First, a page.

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Revolution Blog

From time to time, the operators of this site may wish to comment on current events, or make announcements about happenings in the revolution to end slavery (again). This is our place to do this.
Published on 2012-03-14
Recently, Defense Secretary Leon Panetta was on Capitol Hill testifying(external link) before the Senate Armed Services committee. In his remarks, he denied that even the fig leaf of obtaining congressional assent to military action was no longer required, and that the President can legitimately start wars solely on his own initiative, so long as he has a standing invitation to do so from the UN, NATO, or some other international body. Congress can then be informed, rather than consulted, about the deployment of US military forces.

This brazen declamation has raised quite a few eyebrows, and provoked the ire of Senator Sessions, who does a fair job of looking incredulous at what he is hearing. However, this position is fully consistent with policies adopted by the Obama administration from the get-go. In 2009 President Obama gave a speech at the National Archives in which he addressed the issues of the blatant unconstitutionality of the policies regarding torture and indefinite detention at Gitmo which had been adopted by the Bush administration.

According to Obama, the problem was not what was being done, but how. The key issue was that there was no formalized process. Under Bush, one man could just consign someone on a whim, with no procedures or required approvals. Therefore, as the new President he was adopting new procedures to be followed in the future, so that the signatures of multiple persons would always be placed on forms authorizing the use of torture, indefinite detention, etc. Obama then took credit for defending the due process requirements of the constitution — and the audience applauded! Apparently, illegal acts are fine so long as there's a proper form to fill out to authorize them.

This view is echoed in Panetta's testimony, in which he points out that "due process" does not necessarily imply "judicial process." So long as there is still a process, even if it's performed entirely within the wheels of the executive branch, the due process requirement is adequately met.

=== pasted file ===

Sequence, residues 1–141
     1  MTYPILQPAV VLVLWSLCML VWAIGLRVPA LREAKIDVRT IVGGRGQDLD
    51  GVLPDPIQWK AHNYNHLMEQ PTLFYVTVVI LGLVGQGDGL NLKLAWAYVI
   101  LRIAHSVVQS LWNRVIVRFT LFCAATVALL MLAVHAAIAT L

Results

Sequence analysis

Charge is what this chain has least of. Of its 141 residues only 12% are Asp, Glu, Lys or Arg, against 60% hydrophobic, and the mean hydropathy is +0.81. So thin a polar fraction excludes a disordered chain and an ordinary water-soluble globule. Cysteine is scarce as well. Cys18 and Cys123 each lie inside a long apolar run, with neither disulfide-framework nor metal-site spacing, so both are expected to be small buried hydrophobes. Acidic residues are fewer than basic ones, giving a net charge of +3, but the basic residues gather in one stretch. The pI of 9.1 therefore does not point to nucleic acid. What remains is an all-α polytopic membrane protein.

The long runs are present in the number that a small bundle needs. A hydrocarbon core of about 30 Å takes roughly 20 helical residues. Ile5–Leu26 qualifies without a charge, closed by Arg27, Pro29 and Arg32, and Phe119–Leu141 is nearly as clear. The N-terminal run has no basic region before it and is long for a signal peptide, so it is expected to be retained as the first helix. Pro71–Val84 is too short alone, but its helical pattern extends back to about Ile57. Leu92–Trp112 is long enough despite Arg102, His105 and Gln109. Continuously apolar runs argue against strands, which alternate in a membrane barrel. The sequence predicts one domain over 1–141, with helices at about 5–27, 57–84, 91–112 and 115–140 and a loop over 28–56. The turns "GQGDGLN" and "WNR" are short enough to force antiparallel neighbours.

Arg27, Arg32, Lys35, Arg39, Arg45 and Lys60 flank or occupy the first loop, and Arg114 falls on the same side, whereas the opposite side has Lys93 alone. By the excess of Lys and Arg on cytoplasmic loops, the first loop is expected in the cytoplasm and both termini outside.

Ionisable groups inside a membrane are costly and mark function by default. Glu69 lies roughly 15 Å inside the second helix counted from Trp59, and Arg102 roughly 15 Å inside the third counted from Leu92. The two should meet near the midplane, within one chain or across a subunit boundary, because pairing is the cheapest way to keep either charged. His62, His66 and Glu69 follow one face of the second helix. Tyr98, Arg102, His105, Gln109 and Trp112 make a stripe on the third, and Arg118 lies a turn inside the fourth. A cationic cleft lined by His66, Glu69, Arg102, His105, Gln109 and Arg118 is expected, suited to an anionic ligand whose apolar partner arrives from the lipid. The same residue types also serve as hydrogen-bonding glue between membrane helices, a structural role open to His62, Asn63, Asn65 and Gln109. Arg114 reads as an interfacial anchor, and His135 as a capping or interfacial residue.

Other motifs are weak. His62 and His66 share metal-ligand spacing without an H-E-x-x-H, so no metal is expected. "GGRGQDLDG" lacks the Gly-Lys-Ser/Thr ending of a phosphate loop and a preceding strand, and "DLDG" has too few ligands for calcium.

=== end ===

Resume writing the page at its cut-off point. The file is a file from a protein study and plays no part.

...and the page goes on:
While this might sound startling, it isn't even a new idea. For example, statutes require that in order for the IRS to seize money, assets, or even mere records from any party, they are required to apply to a US federal district court for an enforcement order. (See Schulz v. IRS, 04-0196, 2nd Circuit Court of Appeals, January 25, 2005.) And yet of course they do not actually do this; indeed, the AUSA representing the IRS in the Schulz case actually testified on the record that if the Service was required to follow due process in its operation, it wouldn't be able to do its job. The collections "process" is therefore conducted entirely within the agency itself, and the courts be damned.

The only difference here is that the ongoing perversion of "due process" is now being extended into fresh territory. However this is mere escalation, not some fundamental or radical departure from established practice. The executive branch has long since rendered the judicial branch effectively irrelevant, a result only exacerbated with the Patriot Act. The Congress itself is now going down the same route.

That they should actually be surprised by this is frankly amusing. There is no turn of the tide here, despite the fact that some members of the government may only now be beginning to comprehend where that tide is actually flowing.

The true turn of the Tide today is to be found here(external link). smile

Published on 2012-02-16
(With apologies to Ozzie Osbourne)

The EU bailout of Greece seems to have gone off the tracks again:

http://finance.yahoo.com/news/setback-greece-bailout-meeting-canceled-190042881.html(external link)

Really, it's not surprising that the Athens government is unable to deliver what's being demanded, or perhaps unwilling to demand it of the public. Because what's being demanded is actually more severe than what was demanded of Germany post WWII. As Ambrose Evans-Pritchard recently noted: